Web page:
The results of a series of research studies since 1984 at The University of Queensland into dragline bucket performance identified the potential benefits of a new bucket geometry. Original performance testing of the new bucket geometry (UQ1 bucket) produced a thirty per cent reduction in filling times with the application of twenty per cent less energy when compared to conventional bucket performance. Although the results of the testing were encouraging, it was identified that there were possible problems with the scaling of the buckets. In particular, the weight of the scale buckets was found to be incorrect. A program of testing was developed to resolve the question of scale modelling with regard to soil-machine interaction and to further develop the UQ 1 bucket design.
The testing program was broken into three distinct stages with the first of these involving investigation into the scale modelling theory applicable to dragline bucket scale performance. Through the use simplified digging implements such as single teeth and backless buckets, the critical factors with regard to scale modelling were isolated and quantified. The most important finding of this stage of the investigation was the fact that a consistant scale factor of three was applicable for all materials provided that they were in an air dried condition. This allowed all future testing to be undertaken at a scale factor of three due to the air dried nature of all materials.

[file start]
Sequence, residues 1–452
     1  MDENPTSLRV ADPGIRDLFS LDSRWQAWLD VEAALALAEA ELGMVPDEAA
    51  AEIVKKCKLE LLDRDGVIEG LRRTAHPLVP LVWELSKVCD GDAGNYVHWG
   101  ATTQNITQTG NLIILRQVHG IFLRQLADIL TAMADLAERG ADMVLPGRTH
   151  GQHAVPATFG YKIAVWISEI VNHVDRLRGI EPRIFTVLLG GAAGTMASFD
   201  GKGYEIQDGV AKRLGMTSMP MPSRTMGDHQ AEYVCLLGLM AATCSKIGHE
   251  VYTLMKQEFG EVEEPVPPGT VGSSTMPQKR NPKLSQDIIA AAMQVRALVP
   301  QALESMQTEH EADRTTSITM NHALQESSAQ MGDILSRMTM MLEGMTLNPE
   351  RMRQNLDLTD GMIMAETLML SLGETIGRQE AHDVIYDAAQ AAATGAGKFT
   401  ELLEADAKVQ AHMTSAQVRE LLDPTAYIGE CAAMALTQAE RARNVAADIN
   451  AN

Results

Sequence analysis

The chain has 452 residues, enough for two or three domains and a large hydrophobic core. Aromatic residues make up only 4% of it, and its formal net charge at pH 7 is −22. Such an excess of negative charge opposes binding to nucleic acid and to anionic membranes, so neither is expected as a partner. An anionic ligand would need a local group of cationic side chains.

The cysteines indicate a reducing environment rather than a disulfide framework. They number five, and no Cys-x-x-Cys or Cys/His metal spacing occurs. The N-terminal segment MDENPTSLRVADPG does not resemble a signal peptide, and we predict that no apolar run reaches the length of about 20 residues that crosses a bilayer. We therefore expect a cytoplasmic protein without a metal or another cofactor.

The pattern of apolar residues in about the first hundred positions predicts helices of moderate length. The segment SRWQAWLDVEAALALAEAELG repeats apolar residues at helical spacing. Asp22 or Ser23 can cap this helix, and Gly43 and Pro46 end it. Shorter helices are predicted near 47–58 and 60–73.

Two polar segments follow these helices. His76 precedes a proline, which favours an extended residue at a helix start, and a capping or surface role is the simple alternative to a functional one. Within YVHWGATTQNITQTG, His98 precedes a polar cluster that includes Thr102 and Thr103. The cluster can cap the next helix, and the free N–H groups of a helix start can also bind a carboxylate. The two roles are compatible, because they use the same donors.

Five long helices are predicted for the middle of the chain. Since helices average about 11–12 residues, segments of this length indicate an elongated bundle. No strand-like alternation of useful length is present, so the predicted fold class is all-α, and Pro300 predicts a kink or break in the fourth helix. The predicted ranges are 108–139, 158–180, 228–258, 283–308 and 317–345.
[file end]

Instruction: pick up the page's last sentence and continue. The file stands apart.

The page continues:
The second stage of the test program involved confirmation of the original test results and further development of the UQ 1 bucket design. The existing buckets were modified to reflect the correct scaling strategy and the series of tests conducted by Rowlands (1991) repeated. Results indicated that the UQ 1 bucket did in fact fill faster and use less energy than the standard bucket design. However, the difference was not as great as was found in the original test program. Further investigation into the bucket length to width ratio was accomplished through the use of false backs in the existing buckets. These results, in the quantitative sense, were inconclusive, but qualitatively provided an indication that a bucket between the two existing designs would provide better results. Why the false back tests failed to provide quantitative results is not known.
Stage three of the test program involved construction of the third bucket and subsequent testing in a variety of materials. Materials included the two original materials and four overburden materials from operating open cut coal mines in Central Queensland. Results demonstrated that the material properties play a large role in determining the performance of the dragline bucket however, the bucket design is still the most important factor. Results obtained indicate that the new (UQ2) bucket is as good or better than the UQ1 bucket developed by Rowlands (1991) in the original test work.
Further test work is required to identify the optimum bucket shape and even more extensive testing is required to determine the optimum design and set up of the dragline bucket for each material to be excavated. Scale model test work can play a large part in both of these processes due to the relatively inexpensive nature of the test work.